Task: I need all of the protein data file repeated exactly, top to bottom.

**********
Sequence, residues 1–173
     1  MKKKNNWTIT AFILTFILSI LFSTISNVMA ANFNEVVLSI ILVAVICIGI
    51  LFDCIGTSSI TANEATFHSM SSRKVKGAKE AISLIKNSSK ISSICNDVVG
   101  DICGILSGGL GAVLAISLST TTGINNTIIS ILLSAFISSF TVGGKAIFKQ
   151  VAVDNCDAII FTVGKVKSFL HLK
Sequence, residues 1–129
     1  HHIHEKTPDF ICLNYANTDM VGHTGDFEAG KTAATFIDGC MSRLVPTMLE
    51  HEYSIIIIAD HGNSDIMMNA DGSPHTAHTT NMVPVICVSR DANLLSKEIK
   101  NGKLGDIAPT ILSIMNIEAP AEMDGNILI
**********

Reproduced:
Sequence, residues 1–173
     1  MKKKNNWTIT AFILTFILSI LFSTISNVMA ANFNEVVLSI ILVAVICIGI
    51  LFDCIGTSSI TANEATFHSM SSRKVKGAKE AISLIKNSSK ISSICNDVVG
   101  DICGILSGGL GAVLAISLST TTGINNTIIS ILLSAFISSF TVGGKAIFKQ
   151  VAVDNCDAII FTVGKVKSFL HLK
Sequence, residues 1–129
     1  HHIHEKTPDF ICLNYANTDM VGHTGDFEAG KTAATFIDGC MSRLVPTMLE
    51  HEYSIIIIAD HGNSDIMMNA DGSPHTAHTT NMVPVICVSR DANLLSKEIK
   101  NGKLGDIAPT ILSIMNIEAP AEMDGNILI